While the investment climate has generally been positive in recent months, investors can expect a macroeconomic “tug of war” in 2017, according to the head of TD Asset Management Inc.
“On the one side of this tug of war are some good things from the perspective of the financial markets,” Bruce Cooper, chief executive and chief investment officer at TD Asset Management, said at an event in Toronto on Thursday.
The positives include economic improvements in Europe and a solid performance in North America, Cooper told an audience of investors at an event hosted by TD Asset Management. But on the other side are high debt levels, demographic trends that see fewer people working in developed economies and potential protectionist measures.
What’s key, then, is for investors to find value and limit their exposure to risks they can’t control. And one of the options to do so is to look at private debt, said Bruce MacKinnon, vice-president and director at TD Asset Management.
“We think that private debt is a great complement to your fixed-income portfolio,” said MacKinnon, who noted investment-grade private debt can offer investors more control as well as a premium over the public markets.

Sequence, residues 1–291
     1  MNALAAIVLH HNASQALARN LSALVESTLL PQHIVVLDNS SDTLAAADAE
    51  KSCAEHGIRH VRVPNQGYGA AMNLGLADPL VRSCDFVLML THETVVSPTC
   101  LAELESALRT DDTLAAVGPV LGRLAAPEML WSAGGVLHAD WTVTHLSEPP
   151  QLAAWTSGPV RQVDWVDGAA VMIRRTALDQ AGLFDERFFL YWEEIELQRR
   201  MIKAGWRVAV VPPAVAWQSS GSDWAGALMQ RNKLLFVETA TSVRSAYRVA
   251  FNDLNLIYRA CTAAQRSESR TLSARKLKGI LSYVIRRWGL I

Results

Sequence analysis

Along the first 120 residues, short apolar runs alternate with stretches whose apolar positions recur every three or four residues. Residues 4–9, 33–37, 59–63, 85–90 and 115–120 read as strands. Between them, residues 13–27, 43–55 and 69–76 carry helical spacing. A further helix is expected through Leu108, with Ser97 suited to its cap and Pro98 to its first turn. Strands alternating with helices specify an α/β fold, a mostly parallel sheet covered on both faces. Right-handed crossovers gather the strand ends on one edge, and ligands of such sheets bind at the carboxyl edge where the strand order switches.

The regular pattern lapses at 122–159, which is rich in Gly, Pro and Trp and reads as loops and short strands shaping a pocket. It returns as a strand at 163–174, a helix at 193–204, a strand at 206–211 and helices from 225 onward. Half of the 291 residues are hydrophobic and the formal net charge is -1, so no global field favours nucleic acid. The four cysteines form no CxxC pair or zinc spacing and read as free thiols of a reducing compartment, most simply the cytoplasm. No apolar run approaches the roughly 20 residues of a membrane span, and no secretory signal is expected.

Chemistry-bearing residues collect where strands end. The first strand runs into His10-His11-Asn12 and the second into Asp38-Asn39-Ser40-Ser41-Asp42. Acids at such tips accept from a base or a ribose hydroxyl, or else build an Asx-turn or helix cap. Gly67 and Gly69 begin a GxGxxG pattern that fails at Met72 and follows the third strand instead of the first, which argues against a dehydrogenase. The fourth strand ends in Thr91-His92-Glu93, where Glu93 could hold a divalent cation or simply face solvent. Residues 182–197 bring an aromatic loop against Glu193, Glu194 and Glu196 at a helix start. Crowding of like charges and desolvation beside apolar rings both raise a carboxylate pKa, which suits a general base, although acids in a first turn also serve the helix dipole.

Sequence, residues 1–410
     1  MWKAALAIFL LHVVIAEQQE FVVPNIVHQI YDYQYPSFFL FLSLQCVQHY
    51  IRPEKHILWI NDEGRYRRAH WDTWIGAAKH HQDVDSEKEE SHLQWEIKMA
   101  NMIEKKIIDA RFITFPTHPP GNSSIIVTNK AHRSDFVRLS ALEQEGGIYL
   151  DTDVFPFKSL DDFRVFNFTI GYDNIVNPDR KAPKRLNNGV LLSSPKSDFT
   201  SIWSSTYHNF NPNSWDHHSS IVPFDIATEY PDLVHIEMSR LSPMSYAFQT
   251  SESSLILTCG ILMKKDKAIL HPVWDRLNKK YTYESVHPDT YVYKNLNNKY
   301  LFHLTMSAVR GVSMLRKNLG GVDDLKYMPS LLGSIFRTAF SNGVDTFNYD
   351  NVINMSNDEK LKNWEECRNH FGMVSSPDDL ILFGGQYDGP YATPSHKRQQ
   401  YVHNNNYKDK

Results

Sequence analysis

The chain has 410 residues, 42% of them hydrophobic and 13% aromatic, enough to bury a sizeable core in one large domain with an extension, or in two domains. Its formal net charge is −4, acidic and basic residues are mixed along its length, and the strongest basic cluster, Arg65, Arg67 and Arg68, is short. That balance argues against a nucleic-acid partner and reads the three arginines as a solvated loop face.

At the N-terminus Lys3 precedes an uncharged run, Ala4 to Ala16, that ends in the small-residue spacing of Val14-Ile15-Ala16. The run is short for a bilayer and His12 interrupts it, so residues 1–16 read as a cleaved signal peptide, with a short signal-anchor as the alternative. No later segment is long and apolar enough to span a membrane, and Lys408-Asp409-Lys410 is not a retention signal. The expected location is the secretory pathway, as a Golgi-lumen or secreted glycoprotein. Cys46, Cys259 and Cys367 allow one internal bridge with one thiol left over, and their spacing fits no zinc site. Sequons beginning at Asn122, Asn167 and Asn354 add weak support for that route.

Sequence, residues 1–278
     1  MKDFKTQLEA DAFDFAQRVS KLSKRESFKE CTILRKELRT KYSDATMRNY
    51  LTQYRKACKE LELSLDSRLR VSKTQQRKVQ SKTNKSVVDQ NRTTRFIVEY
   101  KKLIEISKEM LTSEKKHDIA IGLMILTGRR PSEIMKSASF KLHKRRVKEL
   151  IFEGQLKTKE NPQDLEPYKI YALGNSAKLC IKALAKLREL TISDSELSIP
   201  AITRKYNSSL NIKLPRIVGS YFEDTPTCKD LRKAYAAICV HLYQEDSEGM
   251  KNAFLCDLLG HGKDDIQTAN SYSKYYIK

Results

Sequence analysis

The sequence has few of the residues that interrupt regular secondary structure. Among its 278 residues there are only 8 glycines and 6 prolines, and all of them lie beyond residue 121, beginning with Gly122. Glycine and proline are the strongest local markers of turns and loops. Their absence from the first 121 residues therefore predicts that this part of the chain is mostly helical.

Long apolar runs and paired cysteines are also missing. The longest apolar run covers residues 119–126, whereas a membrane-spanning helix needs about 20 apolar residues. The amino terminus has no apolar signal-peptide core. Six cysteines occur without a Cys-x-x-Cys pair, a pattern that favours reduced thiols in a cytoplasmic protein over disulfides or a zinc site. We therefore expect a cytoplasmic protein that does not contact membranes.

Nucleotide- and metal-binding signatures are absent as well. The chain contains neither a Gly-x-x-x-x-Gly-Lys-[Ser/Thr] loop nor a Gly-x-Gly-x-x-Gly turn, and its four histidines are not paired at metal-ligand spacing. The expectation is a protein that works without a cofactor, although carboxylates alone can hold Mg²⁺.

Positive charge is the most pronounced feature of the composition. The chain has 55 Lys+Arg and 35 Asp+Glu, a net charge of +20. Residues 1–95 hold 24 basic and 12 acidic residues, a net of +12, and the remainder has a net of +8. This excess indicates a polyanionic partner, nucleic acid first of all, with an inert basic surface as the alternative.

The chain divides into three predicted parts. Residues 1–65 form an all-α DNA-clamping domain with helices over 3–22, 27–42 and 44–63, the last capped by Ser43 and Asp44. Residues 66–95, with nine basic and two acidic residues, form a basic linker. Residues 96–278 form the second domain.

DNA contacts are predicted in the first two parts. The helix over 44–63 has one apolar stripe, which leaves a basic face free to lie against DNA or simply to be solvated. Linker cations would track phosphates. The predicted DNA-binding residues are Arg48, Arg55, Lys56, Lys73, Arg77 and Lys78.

MacKinnon cited an example of a U.S. paint manufacturer that sought to offload a distribution centre through a transaction that involved issuing private debt and a long-term, non-cancellable lease on the property. The transaction delivered a premium of 124 basis points on top of the 129 basis points that would have been available through a public offering.
While private debt transactions do take more time to negotiate, MacKinnon suggested that besides the “uniqueness premium” investors can harness, they also get enhanced diversification and greater control over the deal. And that, he noted, is an advantage at a time of uncertainty. “You’re really . . . lifting up the hood and seeing what’s in an underlying transaction,” said MacKinnon, who cited private debt as a way for investors to get a better result on their existing allocation to fixed income.